Pressure-fax Transfer Pen by EZ Crafts.
The manufacturer's instructions for this simple process are extensive. Briefly, these are the main points: The ink may bleed into floss and wool yarn; natural fiber fabrics will absorb more ink; for light fabrics only; produces the strongest image if transferred to fabric within one hour. The basic process is this:

  1. Trace the design using the Pressure-fax pen onto the supplied paper. (The transfer paper is transparent enough to allow for tracing a sharp image without the use of a light box.) Make sure that you are tracing an image that is facing the OPPOSITE way from the final image.

  2. Place the paper transfer side down on your fabric
    (I used unbleached muslin) - securing both in place. I used an embossing tool, but a crochet hook or even a blunt pencil would probably work fine.

Pressure Transfer PROS:

  • Pressure-fax isn't expensive and it's available at most fabric stores. Two 17" x 22" sheets are supplied.
  • No heat is required.
  • Only moderate pressure is required to transfer the design.

Pressure Transfer CONS:

  • One transfer per tracing. (I tried to make a second image with the original tracing, but it was faint and some of the lines broke up.)
  • The image didn't wash out completely. I used cold water, soap, and a little scrubbing, but the image was still visible. This isn't so much of an issue if you will be putting embroidery directly over ALL the lines.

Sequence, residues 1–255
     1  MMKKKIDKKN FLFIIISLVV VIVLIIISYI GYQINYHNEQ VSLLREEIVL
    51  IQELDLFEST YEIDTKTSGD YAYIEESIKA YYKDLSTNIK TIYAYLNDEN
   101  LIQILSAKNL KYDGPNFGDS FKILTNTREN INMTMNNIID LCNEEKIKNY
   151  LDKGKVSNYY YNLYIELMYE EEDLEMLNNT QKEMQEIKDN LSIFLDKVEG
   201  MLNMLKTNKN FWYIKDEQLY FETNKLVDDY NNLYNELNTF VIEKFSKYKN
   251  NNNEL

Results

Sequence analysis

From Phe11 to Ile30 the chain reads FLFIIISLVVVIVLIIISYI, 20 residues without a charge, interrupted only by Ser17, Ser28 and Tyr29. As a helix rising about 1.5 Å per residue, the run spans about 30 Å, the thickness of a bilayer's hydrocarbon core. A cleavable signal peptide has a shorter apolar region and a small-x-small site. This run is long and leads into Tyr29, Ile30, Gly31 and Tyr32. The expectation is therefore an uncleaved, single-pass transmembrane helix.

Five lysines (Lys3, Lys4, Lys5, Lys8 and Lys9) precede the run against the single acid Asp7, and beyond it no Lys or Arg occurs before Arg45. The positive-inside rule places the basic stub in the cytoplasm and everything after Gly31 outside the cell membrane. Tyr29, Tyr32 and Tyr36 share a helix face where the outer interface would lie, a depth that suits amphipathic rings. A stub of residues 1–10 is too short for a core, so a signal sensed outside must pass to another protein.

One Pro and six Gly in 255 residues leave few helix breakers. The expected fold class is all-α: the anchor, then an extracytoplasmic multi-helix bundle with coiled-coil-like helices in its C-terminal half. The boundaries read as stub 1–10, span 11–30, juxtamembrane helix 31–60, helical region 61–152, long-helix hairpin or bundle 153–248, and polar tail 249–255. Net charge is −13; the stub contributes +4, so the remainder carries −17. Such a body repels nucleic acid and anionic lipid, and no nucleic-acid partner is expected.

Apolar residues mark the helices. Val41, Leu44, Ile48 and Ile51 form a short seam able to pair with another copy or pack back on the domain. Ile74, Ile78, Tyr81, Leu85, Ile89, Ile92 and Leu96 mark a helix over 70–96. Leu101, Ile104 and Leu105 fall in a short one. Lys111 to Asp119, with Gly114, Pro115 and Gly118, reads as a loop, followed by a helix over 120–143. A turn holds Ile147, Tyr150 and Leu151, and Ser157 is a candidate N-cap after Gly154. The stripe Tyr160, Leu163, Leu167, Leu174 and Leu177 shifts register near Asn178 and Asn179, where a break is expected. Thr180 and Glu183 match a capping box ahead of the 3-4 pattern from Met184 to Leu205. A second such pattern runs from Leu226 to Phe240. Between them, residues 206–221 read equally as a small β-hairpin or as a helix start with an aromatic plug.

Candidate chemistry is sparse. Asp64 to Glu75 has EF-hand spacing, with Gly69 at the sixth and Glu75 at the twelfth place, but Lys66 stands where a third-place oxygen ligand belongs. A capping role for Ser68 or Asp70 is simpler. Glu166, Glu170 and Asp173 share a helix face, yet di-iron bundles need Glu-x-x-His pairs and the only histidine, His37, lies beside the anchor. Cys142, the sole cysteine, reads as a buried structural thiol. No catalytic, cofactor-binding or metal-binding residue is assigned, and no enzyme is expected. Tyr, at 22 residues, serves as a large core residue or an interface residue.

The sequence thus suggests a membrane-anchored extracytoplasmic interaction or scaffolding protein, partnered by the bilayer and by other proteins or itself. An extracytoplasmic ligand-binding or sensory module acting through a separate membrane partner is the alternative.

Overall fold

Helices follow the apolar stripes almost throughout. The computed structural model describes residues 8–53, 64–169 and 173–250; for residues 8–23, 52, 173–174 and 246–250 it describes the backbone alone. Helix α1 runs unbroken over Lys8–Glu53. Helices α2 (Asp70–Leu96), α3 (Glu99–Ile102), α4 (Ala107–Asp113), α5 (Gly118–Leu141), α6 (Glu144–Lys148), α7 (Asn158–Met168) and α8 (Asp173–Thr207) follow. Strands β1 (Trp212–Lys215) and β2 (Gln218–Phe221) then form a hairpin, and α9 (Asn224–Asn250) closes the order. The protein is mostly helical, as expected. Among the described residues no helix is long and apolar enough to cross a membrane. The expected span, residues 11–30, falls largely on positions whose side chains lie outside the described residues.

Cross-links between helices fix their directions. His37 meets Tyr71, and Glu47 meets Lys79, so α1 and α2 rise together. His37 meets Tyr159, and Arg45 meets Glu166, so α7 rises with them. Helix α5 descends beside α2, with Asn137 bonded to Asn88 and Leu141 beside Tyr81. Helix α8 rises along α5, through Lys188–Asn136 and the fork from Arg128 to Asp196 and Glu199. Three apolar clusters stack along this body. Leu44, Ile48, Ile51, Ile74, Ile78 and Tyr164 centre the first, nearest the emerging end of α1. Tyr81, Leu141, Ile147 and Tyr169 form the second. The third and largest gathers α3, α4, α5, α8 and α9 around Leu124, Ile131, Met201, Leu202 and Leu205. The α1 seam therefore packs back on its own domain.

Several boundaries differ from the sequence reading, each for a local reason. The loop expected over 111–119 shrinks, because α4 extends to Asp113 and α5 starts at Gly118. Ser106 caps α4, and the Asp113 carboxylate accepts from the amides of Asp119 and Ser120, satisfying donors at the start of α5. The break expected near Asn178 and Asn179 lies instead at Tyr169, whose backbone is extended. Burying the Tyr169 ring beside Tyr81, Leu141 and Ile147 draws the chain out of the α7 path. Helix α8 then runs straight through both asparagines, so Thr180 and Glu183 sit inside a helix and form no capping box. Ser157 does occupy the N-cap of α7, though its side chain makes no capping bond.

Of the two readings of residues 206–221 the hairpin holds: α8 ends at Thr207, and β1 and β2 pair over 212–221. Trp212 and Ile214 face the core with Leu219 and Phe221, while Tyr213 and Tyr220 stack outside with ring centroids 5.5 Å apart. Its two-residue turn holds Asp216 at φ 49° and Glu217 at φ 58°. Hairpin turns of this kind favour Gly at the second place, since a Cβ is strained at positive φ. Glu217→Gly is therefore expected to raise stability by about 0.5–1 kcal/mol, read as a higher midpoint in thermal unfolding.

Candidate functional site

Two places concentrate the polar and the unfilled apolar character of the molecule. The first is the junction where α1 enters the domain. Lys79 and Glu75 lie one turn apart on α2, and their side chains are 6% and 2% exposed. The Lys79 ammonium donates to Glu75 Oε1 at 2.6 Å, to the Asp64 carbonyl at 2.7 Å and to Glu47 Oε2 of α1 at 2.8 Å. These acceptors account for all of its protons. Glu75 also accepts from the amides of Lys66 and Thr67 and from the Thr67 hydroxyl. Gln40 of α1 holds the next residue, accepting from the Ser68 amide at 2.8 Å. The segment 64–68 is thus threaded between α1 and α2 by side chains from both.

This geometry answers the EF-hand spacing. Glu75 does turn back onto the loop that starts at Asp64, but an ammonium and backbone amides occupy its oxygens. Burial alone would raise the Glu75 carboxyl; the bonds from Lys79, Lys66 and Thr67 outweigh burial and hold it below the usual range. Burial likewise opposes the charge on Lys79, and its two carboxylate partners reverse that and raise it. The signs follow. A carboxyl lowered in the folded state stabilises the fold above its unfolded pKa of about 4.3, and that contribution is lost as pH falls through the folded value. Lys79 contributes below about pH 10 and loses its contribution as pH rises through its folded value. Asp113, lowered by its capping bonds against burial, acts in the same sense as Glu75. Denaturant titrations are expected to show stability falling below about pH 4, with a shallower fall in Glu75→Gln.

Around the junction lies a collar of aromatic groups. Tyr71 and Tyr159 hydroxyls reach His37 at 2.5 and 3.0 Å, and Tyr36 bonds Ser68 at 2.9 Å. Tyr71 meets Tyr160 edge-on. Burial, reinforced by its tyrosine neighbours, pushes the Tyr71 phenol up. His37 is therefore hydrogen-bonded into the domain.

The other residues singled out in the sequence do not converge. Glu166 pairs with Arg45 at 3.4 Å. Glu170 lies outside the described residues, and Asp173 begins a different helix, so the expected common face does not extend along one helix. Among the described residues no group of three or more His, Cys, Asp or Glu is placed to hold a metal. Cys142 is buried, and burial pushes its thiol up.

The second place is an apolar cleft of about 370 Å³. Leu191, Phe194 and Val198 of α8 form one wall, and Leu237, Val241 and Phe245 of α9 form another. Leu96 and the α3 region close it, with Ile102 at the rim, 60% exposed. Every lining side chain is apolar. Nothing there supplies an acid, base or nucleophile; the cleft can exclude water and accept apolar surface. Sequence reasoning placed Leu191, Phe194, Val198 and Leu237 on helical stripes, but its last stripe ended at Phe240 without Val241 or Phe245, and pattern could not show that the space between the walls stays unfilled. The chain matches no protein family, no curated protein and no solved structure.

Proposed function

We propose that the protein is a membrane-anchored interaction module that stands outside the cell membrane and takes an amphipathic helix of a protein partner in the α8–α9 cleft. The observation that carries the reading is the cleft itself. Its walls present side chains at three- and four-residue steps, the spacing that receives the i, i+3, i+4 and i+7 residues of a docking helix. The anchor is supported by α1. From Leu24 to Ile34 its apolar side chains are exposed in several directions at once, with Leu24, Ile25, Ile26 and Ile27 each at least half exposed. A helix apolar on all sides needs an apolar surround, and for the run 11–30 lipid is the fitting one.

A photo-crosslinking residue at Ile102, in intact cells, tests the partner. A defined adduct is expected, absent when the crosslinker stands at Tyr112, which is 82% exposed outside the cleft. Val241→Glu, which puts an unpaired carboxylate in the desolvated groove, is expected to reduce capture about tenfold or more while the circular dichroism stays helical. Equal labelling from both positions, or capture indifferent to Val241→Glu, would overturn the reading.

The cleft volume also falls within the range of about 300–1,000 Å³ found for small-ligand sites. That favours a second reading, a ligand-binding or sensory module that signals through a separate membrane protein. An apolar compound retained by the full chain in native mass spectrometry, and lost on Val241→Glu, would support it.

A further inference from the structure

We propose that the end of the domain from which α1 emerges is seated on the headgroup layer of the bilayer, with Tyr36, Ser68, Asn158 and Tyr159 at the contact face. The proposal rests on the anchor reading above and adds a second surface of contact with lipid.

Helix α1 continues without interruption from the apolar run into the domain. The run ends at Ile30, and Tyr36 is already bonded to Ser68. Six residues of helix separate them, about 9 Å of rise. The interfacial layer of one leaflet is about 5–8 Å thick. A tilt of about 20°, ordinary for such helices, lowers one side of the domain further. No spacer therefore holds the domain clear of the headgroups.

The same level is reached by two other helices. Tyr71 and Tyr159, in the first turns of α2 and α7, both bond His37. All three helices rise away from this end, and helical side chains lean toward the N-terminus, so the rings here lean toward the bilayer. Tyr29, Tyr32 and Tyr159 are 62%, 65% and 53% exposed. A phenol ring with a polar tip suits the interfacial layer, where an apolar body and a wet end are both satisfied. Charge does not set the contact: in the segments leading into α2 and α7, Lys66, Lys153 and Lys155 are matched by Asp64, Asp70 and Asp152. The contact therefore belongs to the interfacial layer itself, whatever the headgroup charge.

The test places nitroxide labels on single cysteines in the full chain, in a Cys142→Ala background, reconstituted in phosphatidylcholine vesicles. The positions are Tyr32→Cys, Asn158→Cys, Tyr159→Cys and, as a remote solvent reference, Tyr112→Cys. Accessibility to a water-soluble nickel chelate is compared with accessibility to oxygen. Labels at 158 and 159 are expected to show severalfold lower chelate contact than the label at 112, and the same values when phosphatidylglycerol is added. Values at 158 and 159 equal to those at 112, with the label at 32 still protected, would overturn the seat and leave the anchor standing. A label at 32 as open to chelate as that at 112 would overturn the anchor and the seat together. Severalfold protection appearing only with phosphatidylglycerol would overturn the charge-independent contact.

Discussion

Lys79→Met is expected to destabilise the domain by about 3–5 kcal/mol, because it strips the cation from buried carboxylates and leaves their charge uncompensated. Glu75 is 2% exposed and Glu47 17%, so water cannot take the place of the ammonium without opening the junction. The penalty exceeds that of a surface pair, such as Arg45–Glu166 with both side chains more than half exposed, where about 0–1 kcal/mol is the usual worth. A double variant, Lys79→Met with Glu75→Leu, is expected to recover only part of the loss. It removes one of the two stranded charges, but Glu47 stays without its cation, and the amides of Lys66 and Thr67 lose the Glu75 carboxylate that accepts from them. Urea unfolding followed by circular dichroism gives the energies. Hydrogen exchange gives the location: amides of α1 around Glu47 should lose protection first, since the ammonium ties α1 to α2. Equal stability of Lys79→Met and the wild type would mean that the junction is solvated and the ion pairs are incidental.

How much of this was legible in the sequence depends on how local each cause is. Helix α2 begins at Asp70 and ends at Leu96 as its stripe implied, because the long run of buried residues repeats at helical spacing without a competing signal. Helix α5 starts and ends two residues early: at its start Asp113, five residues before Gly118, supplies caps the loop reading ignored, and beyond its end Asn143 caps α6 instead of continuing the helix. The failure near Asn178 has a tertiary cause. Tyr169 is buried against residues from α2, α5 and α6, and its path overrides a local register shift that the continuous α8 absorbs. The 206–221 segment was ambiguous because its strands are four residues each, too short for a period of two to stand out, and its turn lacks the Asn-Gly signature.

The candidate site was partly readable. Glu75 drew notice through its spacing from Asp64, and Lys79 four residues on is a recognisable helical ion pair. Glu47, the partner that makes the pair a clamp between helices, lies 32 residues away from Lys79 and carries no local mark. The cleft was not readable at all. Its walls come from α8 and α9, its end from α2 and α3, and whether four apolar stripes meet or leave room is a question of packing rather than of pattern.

I don't recommend this method for a couple of reasons. It's a little too much work (tracing and rubbing) and ink residue was left on the material, even after hand-washing.

Apparently, both black and white and color photocopies can be transferred directly to fabric. I haven't tried this one yet, so I'm not recommending it. If you have used this method - let us know how it went.

With a mixture of one cup water, one cup mineral spirits (found at art supplies stores), and a few drops of liquid detergent, dampen the right sides of the paper and the fabric. Place felt or a towel under the fabric and put the photocopy face down on the fabric. Press with a hot iron (cotton setting). Will not work on synthetics.

Tip #3: To make sure the design on the fabric is facing the same way as the original, trace the design using a black pen. When you're finished, turn the sheet over and place another sheet of tracing paper over it. Trace the image again.

Using the second sheet of tracing paper simply makes it easier to see the image areas that have already been traced - you're less likely to miss a spot. This is only really helpful for large or complex designs.

Tip #4: Trace the design with strong dark lines so they won't get lost in the weave of the fabric. Details can sometimes be difficult to distinguish from fabric fibers.

Before you begin: Unless your fabric is transparent enough to allow you to clearly see the underlying design without being backlit, you will need a light source of some kind behind your design and fabric. The best is a light box. They're generally portable, tabletop boxes with a fluorescent light or two under a plexiglass top. These can get expensive, but there are some around for under $30. The only down side is the small size of the lighted area. (Depending on the size of your design, you might need to shift your work six times and trace it in sections.) The larger the lighted area, the more expensive the box. My husband made himself a light table years ago for his graphic design business. It was a work table with a large 18" x 24" lighted area that was great. If a light box isn't an opiton, a large well-lit window works, but it's awkward since you've got gravity working against your arms and the fabric.

  1. Using wide masking tape, attach the design to a lighted surface.
  2. Tape the fabric securely over the design.
  3. Trace using whichever tool you like best.


Transfer Image

Transfer Image